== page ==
UK small businesses are confident about their ability to achieve future growth, despite the uncertainty caused by Brexit. A survey by Oxford Economics has revealed that 50% of all small enterprise owners believe they can increase their revenues by at least 4% in the coming year, with 57% believing they can achieve the same within three years – while 20% have set their sights on achieving an 8% annual growth rate. Indeed, it’s suggested optimism among business owners is high, with respondents almost twice as likely to think growth will accelerate rather than slow down over the next three years during which it’s assumed the UK will officially leave the EU. With Article 50 set to be triggered by the end of March, small firms are now looking beyond the single market and want to sell to the wor... »

Businesses To Bank On Britain After Brexit

Businesses To Bank On Britain After Brexit

UK small businesses believe they’ll have to rely heavily on home-grown trade in post-Brexit Britain, as few see room for growth in Europe. According to a study from Hitachi Capital, 59% of all UK small businesses expect to experience growth in the UK over the next year, compared to just 20% for Europe. With regards the rest of the world, 18% of small firms are looking towards North America as a possible market, while 9% have eyes on Australia and New Zealand – with 7% believing their business could potentially generate growth in Japan, East Asia and the Pacific nations. When it comes to the domestic market, a North-South divide appears evident – as 71% of small firms in the North East and 69% in the North West cite the UK as their biggest growth market, compared to just 51% in London... »

Important Legal Dates For Small Businesses: 2017

Important Legal Dates For Small Businesses: 2017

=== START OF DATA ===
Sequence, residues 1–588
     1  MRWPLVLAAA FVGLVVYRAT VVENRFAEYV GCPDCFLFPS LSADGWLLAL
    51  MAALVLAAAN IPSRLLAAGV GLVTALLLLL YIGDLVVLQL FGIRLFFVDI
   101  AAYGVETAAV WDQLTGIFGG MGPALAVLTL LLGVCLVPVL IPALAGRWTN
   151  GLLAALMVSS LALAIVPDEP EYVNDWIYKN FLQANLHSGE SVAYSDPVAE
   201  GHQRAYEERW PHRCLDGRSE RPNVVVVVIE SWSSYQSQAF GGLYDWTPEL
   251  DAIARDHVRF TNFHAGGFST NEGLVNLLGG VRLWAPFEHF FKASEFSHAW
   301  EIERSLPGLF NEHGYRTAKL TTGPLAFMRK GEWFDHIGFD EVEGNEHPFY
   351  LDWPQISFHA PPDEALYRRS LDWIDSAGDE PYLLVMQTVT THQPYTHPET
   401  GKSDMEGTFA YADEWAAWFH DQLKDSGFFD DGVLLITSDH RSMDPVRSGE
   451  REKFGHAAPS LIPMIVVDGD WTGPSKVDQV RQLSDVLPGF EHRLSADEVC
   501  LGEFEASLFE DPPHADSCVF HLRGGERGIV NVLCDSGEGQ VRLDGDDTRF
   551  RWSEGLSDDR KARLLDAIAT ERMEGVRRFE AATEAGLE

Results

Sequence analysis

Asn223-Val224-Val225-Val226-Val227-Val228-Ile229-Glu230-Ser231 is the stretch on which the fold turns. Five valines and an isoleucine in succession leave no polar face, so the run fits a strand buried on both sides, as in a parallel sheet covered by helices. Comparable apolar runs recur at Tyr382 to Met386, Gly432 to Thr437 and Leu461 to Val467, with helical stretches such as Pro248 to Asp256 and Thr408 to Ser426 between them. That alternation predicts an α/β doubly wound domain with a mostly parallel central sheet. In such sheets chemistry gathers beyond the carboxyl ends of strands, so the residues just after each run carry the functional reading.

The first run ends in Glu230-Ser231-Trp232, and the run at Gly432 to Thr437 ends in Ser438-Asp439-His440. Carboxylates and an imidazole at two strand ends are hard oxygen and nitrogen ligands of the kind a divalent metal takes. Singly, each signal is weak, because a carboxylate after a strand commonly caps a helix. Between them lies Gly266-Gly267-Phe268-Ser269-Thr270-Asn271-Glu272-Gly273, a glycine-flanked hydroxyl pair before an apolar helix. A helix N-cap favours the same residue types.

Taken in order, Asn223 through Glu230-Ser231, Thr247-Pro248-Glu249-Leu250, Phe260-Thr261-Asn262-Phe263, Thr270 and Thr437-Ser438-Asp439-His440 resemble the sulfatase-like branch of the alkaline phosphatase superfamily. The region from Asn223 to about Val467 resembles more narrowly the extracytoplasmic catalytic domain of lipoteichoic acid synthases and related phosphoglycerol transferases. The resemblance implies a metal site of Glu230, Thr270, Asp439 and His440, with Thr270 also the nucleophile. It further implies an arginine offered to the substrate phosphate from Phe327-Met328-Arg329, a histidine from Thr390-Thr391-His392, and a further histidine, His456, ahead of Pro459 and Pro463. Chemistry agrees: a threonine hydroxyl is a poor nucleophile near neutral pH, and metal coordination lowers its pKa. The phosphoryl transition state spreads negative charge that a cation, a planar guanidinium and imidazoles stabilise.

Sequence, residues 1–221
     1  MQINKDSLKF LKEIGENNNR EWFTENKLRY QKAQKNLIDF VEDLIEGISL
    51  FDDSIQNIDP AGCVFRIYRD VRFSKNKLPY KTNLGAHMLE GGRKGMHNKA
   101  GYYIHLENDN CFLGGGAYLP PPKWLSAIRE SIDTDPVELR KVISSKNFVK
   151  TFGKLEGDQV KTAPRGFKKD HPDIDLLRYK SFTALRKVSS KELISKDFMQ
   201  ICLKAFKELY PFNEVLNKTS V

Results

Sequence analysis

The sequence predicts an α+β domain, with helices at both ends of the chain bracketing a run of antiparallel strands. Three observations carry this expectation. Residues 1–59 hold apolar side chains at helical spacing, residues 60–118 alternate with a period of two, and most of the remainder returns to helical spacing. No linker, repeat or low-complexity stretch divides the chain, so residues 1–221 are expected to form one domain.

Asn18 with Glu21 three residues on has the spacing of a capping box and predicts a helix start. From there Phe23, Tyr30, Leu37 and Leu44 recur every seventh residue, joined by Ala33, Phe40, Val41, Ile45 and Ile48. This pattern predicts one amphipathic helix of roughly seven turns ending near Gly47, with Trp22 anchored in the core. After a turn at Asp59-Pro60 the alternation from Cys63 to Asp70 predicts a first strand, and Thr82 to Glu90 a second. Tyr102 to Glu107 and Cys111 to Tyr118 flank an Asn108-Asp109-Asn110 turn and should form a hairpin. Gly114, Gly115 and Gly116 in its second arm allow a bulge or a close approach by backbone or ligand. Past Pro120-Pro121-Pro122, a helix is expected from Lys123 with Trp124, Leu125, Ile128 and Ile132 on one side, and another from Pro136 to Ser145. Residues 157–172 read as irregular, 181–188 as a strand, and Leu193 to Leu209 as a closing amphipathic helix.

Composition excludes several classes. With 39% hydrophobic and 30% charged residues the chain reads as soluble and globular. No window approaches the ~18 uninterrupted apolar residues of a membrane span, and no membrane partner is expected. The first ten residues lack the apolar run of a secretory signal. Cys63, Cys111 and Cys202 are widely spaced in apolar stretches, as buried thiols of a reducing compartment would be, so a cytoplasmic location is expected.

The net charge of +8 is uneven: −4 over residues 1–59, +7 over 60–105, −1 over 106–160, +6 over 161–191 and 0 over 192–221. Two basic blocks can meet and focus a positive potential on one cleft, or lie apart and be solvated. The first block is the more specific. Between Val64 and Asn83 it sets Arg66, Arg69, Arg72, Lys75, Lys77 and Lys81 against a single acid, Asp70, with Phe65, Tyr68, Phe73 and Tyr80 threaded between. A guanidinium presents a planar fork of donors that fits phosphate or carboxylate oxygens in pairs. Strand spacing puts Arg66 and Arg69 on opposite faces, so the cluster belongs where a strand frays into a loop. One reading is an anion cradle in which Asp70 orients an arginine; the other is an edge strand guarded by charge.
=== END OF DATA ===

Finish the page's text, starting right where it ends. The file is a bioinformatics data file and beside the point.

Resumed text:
Every year brings both new and exciting challenges for business owners, so it’s important to look to the future and arm yourself with the knowledge you need to keep your business competitive. Below are the key dates for upcoming employment law and more general legal changes that every small business owner should know about. Spring 2017 31 March – Article 50 This is the last day in the government’s self-imposed target that Article 50 is expected to be triggered, although it could happen before or after this date. The effect Brexit will have on employment law changes remains unclear. Theresa May reiterated her claim that workers’ rights will remain fully protected when revealing her 12 point Brexit plan, but further details are yet to be revealed. One positive – at least in the short term – ... »

UK Economy To Slow Down In 2017 and 2018, Report Concludes

UK Economy To Slow Down In 2017 and 2018, Report Concludes

The UK economy is expected to slow down both this year and next, according to a report by The National Institute of Economic and Social Research (NIESR). Despite 2% growth in 2016, including 0.6% in Q4, NIESR’s forecast predicts the UK economy will slow to just 1.7% in 2017 and 1.9% in 2018. A drop in value of the pound sterling versus international currencies, and the impact of Brexit means consumer price inflation is likely to rise – which spells potentially good news for businesses but bad news for consumers. In global terms, the world economy is expected to grow at a faster rate in the next couple of years, with the annual growth rate forecast to rise from 3% in 2016 to 3.1% in 2017, and then to 3.5% in 2018. Simon Kirby, head of macroeconomic modelling and forecasting at NIESR said: “... »